Nearly 1,700 Airmen, Sailors, Marines and coalition forces from Colombia and the United Arab Emirates participated in most recent iteration of Red Flag at Nellis AFB July 16-27. Flying two missions daily, friendly forces managed a 60-aircraft mission package and opposed air, space, cyber and air defense threats to execute air interdiction strikes, combat search and rescue operations, SCUD hunts, location of high value targets, and defensive counter-air missions.

“The missions are conducted at a walk, run, sprint pace and each day is a reset,” Fingal said. “We ratchet up the level of intensity throughout the exercise and have a thinking ad-versary with a chairman who uses the latest intelligence to combine aggressor capabilities and produce a realistic and heavily integrated enemy threat. [Friendly] forces do suffer losses on combat missions, but the main goal of the exercise is to make the scenarios so challenging that any losses happen now in the training and learning environment versus a real-world scenario.”

As the enemy threat and technology has evolved, so has Nellis AFB. In 2005, Air Combat Command established the 57th Adversary Tactics Group at Nellis in order to create an integrated enemy force for training audiences at Nellis and other exercises around the globe, and in 2011, space and cyber operations were formally incorporated into the exercise. Facili-ties at Nellis have also been upgraded in recent years to include a fully-operational combined air and space operations center and the Nevada Test and Training Range is working to upgrade its systems to better-prepare warfighters for emerging threats and support advanced aircraft such as the F-35.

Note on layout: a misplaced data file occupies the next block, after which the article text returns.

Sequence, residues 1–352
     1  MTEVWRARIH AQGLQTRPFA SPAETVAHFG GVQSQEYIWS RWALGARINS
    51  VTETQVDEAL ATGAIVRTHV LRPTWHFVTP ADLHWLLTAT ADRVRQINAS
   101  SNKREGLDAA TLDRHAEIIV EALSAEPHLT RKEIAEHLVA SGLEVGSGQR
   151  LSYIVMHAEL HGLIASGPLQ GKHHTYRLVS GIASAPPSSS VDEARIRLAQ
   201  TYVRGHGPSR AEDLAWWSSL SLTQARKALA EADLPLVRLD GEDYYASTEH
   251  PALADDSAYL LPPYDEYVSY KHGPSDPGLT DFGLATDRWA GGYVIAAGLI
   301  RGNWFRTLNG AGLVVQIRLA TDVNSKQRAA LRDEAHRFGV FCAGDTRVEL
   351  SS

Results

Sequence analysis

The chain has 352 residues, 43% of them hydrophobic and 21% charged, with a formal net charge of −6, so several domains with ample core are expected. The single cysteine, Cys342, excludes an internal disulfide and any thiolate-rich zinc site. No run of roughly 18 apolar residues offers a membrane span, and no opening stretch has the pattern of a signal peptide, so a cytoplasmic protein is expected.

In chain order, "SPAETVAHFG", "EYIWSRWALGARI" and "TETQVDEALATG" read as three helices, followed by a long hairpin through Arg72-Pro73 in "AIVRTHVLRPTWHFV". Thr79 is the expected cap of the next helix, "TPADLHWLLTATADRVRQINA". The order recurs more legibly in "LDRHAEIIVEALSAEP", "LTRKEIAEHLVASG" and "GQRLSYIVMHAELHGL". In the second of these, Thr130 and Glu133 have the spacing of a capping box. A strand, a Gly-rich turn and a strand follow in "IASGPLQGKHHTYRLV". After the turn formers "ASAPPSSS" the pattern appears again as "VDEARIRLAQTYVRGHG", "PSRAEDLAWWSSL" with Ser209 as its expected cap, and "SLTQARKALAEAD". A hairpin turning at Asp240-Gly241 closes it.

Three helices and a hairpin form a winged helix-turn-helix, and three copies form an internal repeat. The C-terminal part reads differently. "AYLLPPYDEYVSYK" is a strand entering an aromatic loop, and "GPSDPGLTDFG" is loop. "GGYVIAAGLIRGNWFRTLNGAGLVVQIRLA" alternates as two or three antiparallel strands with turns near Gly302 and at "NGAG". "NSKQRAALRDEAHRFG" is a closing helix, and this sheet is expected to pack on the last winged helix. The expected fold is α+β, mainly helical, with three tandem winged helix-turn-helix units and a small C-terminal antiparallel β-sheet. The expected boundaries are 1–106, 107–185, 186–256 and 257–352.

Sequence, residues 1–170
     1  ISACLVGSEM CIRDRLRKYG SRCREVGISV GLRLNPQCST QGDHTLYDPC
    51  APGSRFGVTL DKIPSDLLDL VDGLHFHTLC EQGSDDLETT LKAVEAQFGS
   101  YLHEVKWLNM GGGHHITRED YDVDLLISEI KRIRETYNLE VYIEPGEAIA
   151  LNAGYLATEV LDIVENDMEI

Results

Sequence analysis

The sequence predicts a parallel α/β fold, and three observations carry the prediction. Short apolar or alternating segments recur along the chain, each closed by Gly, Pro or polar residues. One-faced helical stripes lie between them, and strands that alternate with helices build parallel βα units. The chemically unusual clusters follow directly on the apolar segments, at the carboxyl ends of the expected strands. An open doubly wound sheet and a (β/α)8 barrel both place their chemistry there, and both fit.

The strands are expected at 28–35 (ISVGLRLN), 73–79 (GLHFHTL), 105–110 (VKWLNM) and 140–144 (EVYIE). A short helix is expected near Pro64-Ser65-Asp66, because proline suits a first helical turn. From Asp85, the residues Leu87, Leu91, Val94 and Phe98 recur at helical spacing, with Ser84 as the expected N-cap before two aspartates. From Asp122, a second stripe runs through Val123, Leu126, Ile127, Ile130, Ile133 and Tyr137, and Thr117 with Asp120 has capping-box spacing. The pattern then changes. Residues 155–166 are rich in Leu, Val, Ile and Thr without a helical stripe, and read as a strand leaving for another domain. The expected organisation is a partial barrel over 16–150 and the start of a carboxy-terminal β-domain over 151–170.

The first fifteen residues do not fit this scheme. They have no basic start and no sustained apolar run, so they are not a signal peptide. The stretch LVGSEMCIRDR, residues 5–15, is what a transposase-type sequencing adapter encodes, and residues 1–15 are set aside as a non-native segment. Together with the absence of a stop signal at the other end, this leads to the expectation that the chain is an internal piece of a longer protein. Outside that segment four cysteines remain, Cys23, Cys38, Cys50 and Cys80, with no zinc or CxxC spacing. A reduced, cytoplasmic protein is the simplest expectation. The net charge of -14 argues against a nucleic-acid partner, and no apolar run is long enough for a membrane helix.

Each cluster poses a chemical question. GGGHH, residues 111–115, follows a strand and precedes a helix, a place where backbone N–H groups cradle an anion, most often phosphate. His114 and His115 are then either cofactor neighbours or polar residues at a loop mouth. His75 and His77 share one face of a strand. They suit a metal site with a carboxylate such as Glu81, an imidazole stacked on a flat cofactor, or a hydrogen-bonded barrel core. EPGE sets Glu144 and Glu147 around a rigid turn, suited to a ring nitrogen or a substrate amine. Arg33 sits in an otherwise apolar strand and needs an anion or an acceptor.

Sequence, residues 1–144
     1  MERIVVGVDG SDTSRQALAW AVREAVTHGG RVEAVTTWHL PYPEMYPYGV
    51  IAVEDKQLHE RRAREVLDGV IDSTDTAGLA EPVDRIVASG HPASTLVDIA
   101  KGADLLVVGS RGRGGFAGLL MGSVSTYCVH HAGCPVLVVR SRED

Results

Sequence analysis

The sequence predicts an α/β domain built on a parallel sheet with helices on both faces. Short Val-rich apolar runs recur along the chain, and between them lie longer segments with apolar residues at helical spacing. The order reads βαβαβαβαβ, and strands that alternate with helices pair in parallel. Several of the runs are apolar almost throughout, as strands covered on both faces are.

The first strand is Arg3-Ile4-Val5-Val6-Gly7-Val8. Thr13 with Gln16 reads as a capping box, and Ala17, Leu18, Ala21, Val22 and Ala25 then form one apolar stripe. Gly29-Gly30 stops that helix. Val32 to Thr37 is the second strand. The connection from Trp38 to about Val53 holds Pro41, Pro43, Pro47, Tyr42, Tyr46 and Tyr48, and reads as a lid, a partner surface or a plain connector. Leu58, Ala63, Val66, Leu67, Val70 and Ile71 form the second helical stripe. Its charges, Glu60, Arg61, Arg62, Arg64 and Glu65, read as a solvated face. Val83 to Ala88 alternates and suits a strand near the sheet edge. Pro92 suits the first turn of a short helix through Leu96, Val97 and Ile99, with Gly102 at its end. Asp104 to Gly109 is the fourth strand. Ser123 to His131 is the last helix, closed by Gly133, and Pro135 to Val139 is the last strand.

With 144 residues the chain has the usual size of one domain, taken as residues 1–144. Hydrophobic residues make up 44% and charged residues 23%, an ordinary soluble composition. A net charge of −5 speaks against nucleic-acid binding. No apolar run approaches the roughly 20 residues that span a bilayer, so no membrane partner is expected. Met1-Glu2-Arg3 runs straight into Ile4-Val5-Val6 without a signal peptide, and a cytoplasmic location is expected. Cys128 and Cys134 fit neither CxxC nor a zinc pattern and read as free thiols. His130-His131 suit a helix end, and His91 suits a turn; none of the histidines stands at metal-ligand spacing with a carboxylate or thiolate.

“With air, space, cyber, command and control and intelligence, surveillance and reconnaissance assets participating together in today’s Red Flag exercises, we have a fully integrated team who can cross-talk the issues being encountered in realistic battlespace and work together to solve problems and achieve tactical results,” Fingal said.

Although exercises such as Red Flag have continued throughout the events of the past decade, the Air Force sees their existence as opportunity to pre-pare to for the future.

“Exercises such as Red Flag give U.S. and coalition forces an opportunity to work together toward a common set of tactics and understanding of how we’re going to fight together,” Holmes said. “They allow us to think through how we would fight as a team in situations such as anti-access/area denial environments where opposing forces are trying to keep us from reaching an area or are working to deny our ability to operate in the air or on the ground in a particular space.

“The United States must maintain a credible capability to carry out the missions we’re asked to do against improving and growing threats and systems,” Holmes concluded. “The cheapest use of military systems is to deter a war from ever happening by being ready and having the ability counter an adversary’s systems and strategy. Training exercises ensure we are ready and able to focus on a broad range of missions and meet our nation’s strategic objectives.”